Abstract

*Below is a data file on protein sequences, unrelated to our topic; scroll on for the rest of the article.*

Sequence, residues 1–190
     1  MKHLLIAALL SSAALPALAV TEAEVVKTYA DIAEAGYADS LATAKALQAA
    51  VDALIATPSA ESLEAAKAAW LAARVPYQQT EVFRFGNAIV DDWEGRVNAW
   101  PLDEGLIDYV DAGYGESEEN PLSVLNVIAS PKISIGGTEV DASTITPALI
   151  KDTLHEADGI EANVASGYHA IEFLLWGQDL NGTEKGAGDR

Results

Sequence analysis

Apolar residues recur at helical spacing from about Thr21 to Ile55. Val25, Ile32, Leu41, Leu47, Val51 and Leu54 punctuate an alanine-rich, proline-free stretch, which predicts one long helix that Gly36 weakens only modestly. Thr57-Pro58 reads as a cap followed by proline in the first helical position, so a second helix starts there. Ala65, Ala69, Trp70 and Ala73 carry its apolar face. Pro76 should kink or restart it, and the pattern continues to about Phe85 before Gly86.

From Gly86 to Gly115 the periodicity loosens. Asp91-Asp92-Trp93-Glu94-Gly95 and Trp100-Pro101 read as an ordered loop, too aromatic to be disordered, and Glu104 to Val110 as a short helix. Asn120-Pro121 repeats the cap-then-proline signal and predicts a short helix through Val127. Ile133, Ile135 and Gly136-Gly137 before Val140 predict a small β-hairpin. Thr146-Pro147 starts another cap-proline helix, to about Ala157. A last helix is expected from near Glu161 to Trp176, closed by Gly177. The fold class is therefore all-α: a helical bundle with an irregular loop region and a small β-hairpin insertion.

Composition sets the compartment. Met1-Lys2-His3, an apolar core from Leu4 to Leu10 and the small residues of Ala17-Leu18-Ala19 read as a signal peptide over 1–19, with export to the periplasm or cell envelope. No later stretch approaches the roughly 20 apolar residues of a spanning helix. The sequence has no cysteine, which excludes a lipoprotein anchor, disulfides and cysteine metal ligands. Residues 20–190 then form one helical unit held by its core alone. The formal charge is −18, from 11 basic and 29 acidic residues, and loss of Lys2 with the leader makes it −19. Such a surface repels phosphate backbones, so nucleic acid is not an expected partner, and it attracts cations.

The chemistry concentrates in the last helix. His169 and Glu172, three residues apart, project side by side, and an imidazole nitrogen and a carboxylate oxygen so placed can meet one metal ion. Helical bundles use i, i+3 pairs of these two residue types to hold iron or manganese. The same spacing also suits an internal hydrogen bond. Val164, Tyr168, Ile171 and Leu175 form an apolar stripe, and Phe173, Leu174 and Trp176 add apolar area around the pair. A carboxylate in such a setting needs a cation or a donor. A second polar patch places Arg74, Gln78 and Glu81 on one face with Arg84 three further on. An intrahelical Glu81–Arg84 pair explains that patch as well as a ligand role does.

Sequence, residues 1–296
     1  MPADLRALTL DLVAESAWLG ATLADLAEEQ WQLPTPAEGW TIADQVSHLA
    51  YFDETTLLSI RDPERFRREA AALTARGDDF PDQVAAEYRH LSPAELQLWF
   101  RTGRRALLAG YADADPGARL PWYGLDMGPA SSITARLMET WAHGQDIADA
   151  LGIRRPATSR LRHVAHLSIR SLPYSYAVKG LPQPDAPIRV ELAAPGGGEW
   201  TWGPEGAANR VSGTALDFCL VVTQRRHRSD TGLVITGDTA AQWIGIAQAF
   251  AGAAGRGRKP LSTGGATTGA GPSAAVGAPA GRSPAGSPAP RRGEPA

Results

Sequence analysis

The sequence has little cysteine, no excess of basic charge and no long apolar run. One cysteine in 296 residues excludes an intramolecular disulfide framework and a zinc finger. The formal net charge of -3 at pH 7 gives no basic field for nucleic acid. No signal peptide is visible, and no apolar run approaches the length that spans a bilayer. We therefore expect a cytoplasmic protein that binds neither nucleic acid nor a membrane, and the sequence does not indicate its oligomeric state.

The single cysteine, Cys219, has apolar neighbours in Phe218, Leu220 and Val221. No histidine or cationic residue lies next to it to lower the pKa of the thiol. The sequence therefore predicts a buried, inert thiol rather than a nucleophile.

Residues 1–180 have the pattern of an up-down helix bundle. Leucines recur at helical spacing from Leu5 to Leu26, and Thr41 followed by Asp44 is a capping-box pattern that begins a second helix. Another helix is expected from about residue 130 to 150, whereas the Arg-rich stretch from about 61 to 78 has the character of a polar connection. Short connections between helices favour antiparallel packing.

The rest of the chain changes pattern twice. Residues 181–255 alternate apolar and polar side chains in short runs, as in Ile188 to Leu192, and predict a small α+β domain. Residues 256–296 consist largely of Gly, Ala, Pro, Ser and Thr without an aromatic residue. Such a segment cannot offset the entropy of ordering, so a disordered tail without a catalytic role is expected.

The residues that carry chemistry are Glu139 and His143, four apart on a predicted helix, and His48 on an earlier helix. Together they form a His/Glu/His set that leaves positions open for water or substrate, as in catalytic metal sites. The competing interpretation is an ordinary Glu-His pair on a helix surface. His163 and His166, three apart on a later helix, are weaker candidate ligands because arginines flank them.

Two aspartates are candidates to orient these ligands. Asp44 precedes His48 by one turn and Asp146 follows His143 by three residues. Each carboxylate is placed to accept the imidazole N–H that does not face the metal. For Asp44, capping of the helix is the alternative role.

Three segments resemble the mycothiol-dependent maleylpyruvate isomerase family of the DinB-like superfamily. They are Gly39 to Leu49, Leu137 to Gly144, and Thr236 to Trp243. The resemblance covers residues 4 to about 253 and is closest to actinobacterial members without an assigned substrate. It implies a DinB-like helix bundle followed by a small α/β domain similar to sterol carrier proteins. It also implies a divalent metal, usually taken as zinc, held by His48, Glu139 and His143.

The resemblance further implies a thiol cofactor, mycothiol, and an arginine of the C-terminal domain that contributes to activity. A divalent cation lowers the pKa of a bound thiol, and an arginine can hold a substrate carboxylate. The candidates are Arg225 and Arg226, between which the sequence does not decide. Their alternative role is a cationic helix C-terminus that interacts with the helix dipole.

The quality of riprap and armor stone for a particular project is occasionally determined through the use of ambiguous and subjective specification requirements. These requirements are often unrelated to true rock quality and result in placement of stone of unknown quality. Instead, a method for evaluation of the stone to determine the stone's ability to provide adequate service life is needed. This method should include all aspects that have an effect on the service life. In other words, a systems approach that would take into account all aspects, even non-geologic aspects, of exposure conditions is required. The systems approach includes a complete geologic evaluation of the stone source; an evaluation of the project site in terms of climate and waterborne attrition agent; and a complete laboratory evaluation to measure block integrity and resistance to breakage, abrasion, and weathering. The systems approach should also include an evaluation of the specifications in terms of objectivity versus subjectivity plus a determination of the flexibility of the interrelationship between the specifications and the design parameters. This method has been successfully used for prediction of service life of several stone types and from igneous sources used on a breakwater project in British Columbia, Canada.

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